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ELIZABETH FORWARD SCHOOL DISTRICT v. COMMONWEALTH PENNSYLVANIA (10/07/80)

COMMONWEALTH COURT OF PENNSYLVANIA


decided: October 7, 1980.

ELIZABETH FORWARD SCHOOL DISTRICT, PETITIONER
v.
COMMONWEALTH OF PENNSYLVANIA, UNEMPLOYMENT COMPENSATION BOARD OF REVIEW AND THOMAS S. GEYER (TOKEN CLAIMANT), RESPONDENTS. ELIZABETH FORWARD SCHOOL DISTRICT, PETITIONER V. COMMONWEALTH OF PENNSYLVANIA, UNEMPLOYMENT COMPENSATION BOARD OF REVIEW AND RUDOLPH SCHEUERLE (TOKEN CLAIMANT), RESPONDENTS

Appeals from the Order of the Unemployment Compensation Board of Review in case of In Re: Claim of Thomas S. Geyer, No. B-172668 and In Re: Claim of Rudolph J. Scheuerle, No. B-172669.

COUNSEL

Michael Ira Levin, of Cleckner and Fearen, for petitioner.

Shelley W. Elovitz, with her Elsa Newman-Silverstine, Assistant Attorney General, Ronald N. Watzman, and Robert Balbis, for respondents.

Judges Wilkinson, Jr., Rogers and Craig, sitting as a panel of three. Opinion by Judge Craig.

Author: Craig

[ 54 Pa. Commw. Page 195]

The Elizabeth Forward School District (district) petitions for review of the orders of the Unemployment Compensation Board of Review which affirmed the referee's awards of benefits, for the weeks ending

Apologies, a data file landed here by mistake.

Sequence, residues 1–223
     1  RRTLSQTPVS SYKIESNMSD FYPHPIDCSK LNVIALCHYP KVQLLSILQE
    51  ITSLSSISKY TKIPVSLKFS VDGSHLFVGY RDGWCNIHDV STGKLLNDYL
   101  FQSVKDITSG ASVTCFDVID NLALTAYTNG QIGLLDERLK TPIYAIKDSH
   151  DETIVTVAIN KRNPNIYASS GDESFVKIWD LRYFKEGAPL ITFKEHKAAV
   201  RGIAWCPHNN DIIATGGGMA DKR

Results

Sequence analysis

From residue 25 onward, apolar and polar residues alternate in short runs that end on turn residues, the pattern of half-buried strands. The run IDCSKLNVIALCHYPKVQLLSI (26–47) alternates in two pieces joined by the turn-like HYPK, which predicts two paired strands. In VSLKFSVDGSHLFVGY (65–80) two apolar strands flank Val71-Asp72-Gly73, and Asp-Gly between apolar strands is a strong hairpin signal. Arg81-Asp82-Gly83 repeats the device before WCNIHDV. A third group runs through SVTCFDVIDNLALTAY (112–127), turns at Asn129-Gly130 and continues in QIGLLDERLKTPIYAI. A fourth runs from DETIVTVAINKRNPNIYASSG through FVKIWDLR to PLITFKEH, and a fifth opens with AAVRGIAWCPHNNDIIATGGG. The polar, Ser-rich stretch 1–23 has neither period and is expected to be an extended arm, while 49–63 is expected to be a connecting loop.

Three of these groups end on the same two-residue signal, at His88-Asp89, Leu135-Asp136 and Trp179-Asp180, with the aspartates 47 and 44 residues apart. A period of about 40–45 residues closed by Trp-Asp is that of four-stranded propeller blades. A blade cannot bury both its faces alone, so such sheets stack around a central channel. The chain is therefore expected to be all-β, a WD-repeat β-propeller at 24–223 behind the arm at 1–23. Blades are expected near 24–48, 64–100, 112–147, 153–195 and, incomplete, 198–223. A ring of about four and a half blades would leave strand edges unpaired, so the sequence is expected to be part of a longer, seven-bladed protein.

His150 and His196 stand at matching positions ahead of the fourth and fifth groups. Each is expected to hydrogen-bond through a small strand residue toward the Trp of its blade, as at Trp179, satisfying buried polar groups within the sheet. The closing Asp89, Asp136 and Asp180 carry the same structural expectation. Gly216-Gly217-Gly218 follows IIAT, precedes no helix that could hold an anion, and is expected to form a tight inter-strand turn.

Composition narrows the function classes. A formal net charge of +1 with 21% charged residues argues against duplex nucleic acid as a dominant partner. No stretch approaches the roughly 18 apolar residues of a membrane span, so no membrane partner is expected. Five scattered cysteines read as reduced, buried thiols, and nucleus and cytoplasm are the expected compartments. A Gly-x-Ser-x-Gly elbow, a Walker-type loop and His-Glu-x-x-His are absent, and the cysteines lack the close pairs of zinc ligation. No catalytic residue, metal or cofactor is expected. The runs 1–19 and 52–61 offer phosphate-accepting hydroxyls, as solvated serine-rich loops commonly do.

[ 54 Pa. Commw. Page 196]

September 2, 1978 through September 23, 1978, to Thomas S. Geyer and Rudolph J. Scheuerle, two token claimants. The referee concluded that claimants' unemployment during that period, although related to a labor dispute, was the result of a lockout by the district within the meaning of Section 402(d) of the Unemployment Compensation Law, Act of December 5, 1936, Second Ex. Sess., P.L. [1937] 2897, as amended, 43 P.S. § 802(d). The appeals have been consolidated by this court's order.*fn1

The established test to be applied in determining whether a work stoppage is a strike or a lockout is that which the Supreme Court articulated in Vrotney Unemployment Case, 400 Pa. 440, 444-45, 163 A.2d 91, 93-94 (1960):